CAF remembers SAYF.  Good times.   CAF worships with SAYF about Quakerism. CAF
brings         SAYMA's queries to SAYF.  The CAF and SAYF like queries.  The CAF likes
SAYF.  SAYF likes         The CAF.  The CAF bridges the gap.
    
         Look!  The CAF have baseballs. Duck!  The CAF sees Jim.  Oops!  JYM.  Duck, Jim,
Duck!  The         CAF plays Quaker ball with JYM.  The CAFs like JYM.  JYM likes CAF.  CAF
bridges the gap.
    
         The CAFs meet Dan.  The CAFs meet JOHN.  The sun goes down.  It is late.  What do the
CAFs do?          The CAFs have movies.  Mmmmm... snacks.  Munch, the CAFs munch!  The
CAFs chew the cud.          Old CAFs bond with new CAFs.  Fellowship is fun! The old CAFs
like the new CAFs.  The new          CAFs like the old CAFs.  The CAFs bridge the gap.
    
         The CAFs want many things.  At SAYMA, the CAFs are very far from other  CAFs.  The
CAF want         to be near other CAFs.  Can SAYMA help?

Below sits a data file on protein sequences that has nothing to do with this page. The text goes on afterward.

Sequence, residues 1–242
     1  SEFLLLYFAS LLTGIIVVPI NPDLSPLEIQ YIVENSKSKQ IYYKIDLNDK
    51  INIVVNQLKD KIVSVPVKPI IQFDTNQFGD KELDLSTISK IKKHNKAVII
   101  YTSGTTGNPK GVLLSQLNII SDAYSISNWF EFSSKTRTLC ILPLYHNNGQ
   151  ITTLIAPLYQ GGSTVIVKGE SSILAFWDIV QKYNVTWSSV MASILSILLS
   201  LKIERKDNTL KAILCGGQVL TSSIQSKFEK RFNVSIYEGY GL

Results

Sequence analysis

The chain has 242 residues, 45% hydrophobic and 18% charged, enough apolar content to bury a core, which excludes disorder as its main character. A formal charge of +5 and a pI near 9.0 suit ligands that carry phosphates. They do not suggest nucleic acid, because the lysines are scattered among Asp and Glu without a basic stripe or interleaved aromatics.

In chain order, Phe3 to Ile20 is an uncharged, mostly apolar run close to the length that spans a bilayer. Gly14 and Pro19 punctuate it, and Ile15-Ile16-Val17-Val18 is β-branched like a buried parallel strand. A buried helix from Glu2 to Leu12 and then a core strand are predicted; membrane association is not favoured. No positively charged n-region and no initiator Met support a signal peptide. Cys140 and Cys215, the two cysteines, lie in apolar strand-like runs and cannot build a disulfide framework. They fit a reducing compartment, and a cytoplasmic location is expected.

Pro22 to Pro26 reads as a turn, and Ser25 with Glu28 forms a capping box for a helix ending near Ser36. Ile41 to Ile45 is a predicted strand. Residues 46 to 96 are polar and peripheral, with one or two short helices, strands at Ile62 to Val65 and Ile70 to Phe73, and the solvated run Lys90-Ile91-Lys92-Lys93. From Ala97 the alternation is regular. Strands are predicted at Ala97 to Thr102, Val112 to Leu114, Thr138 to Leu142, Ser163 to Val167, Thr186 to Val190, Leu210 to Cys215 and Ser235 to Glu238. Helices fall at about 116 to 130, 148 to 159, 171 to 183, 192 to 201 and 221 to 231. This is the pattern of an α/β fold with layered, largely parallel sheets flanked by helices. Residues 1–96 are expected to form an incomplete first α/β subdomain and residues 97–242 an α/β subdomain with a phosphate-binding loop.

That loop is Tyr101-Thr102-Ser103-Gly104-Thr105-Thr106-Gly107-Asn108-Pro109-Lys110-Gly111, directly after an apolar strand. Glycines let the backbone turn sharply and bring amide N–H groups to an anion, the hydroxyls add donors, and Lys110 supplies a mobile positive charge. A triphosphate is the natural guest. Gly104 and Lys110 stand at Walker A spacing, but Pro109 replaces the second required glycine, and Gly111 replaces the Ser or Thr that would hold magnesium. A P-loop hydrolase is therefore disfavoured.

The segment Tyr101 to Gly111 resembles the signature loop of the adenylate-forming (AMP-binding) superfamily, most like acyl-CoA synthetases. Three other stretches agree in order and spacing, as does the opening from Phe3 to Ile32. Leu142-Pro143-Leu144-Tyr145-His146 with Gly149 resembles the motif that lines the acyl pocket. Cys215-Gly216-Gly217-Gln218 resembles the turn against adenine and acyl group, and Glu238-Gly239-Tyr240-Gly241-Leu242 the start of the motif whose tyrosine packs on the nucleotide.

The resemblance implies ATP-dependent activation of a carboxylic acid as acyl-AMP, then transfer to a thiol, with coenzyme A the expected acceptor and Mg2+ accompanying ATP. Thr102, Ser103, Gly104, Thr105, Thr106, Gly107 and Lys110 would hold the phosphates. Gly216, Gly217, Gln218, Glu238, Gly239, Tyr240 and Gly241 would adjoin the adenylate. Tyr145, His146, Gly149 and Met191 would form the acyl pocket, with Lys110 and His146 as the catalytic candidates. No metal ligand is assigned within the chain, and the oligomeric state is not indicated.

The CAFs go to college or work.  The CAFs are very busy.  The CAFs are disorganized. 
The CAFs         think hard about how to fix this.
    
         The CAFs ponder its name.  It is unsatisfactory.  See The CAFs change to YAFs (Young
Adult         Friends).  YAFs are happy.
    
         Peace
         YAFs (Young Adult Friends :)
    
    Friends Approve
    
    
    
    SAYMA Epistle - Out of the silence, Mary Ann Downing read the following epistle:
    
         To Friends everywhere:
    
         Friends gathered in the beauty of the mountains of Western North Carolina to celebrate the
thirtieth         anniversary of Southern Appalachian Yearly Meeting and Association.  We are a
geographically         scattered group of    monthly meetings and worship groups, and our theme
called us to acknowledge         and explore our spiritual diversity.
    
         During our meetings for worship with attention to business, we learned the new discipline
(for us)         of recording and approving a minute before moving to the next agenda item.  This